How entrepreneurs can apply Koch’s vision to their businesses

Scott Brown, senior director of the Georgia-Pacific Foundation, shares insights during panel discussion at the 2018 Black Enterprise Entrepreneurs Summit

June 8, 2018

Focusing on the customer, acting with integrity, and working toward win-win outcomes are just a few ways that businesses can distinguish themselves as principled entrepreneurs and create value for society. That was the message imparted by Scott Brown, senior director of the Georgia-Pacific Foundation, at the 2018 Black Enterprise Entrepreneurs Summit in Charlotte, North Carolina.

Joined by panelists Marvin Walker, founder and CEO of Day Runner Inc., and Tarrus Richardson, CEO of IMB Development Corporation, Brown spent the afternoon sharing how the application of Koch’s Market-Based Management® philosophy has transformed lives and communities. Derek Dingle, senior vice president and chief content officer of Black Enterprise, moderated the discussion.

“It’s about improving the lives of people,” Brown said of Market-Based Management’s core philosophy. The role of the Georgia-Pacific Foundation, Brown explained, is to bring about positive change.

Mutual benefit is a cornerstone of how we operate, Brown explained.

“The beauty of this is that there’s a win-win component to it,” Brown said. “And if we’re going to enter into business, if the foundation is going to provide money to an organization, we want to establish mutual benefit.”

The other panelists shared related stories of their own business ventures.

As a courier over the last decade, Walker sensed an opening for logistics innovation and last year started the first national on-demand transportation delivery service after a series of negative business experiences as a contractor.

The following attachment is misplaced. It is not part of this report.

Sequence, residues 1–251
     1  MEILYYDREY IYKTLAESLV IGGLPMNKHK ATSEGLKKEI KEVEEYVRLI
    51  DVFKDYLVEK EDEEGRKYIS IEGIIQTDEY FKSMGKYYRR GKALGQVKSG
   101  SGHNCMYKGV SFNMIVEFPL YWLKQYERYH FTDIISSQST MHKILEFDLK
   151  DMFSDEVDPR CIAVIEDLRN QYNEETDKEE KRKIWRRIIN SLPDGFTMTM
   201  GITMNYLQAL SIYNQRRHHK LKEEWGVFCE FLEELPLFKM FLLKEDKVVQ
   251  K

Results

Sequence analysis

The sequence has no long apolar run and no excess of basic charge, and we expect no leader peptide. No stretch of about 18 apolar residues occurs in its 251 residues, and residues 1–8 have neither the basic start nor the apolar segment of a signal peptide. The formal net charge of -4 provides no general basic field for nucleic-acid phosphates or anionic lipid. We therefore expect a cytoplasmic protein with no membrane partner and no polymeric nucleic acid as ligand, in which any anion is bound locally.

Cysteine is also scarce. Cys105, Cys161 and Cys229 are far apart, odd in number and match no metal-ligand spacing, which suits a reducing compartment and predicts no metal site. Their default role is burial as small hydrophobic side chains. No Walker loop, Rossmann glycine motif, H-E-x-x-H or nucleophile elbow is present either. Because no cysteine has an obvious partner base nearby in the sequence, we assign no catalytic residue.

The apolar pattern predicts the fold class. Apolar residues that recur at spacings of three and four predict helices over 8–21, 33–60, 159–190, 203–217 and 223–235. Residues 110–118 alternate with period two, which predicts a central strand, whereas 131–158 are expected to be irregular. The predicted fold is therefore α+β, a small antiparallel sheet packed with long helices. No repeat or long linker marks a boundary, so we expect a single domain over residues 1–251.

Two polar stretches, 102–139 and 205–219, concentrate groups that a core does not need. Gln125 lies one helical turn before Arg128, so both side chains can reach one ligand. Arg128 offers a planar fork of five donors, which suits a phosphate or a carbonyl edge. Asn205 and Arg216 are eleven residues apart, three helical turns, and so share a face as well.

“I said, ‘What if I created an app that could give customers these services?’” Walker said. “I knew what the customers’ pain point was, but more importantly, I knew what the pain point was for me as a driver and wanted to be a business owner.”

In just one year, the app has grown to 7,000 drivers in 14 states, delivering a range of supplies from construction equipment to medical supplies, and more. With his own experience in mind, Walker has geared his business to support contractors’ growth.

“Because if I make sure you stay in business, this guy is going to be able to provide more service, my customers are going to benefit because they have a ready resource pool to service them,” Walker said. The driver benefits by making more money able to pay for bills. “And the customer benefits because they’re getting better service at a more affordable rate.

Richardson started IMB Development Corporation with the belief and dream that he could “create a million-dollar business by way of acquisitions in support and in partnership with women and minorities.”

“At the moment, I’m at $100 million of revenue in three platforms. We have eight women that work with me on a day-to-day basis. We bought two women[-owned] companies. We have two minority-owned companies,” Richardson said. “I’m hoping to find people to put money behind to develop this culture of not only building businesses through starting them up but also by helping and enabling people to use acquisitions to get scale.”

Such innovation comes from looking at trends and examining where the market is going, Brown said.

“It is hard to be able to gauge what is going to happen tomorrow based on today’s alternatives,” Brown said. “So, this ability to take risks, this ability to do the data analytics … is critical to value creation.”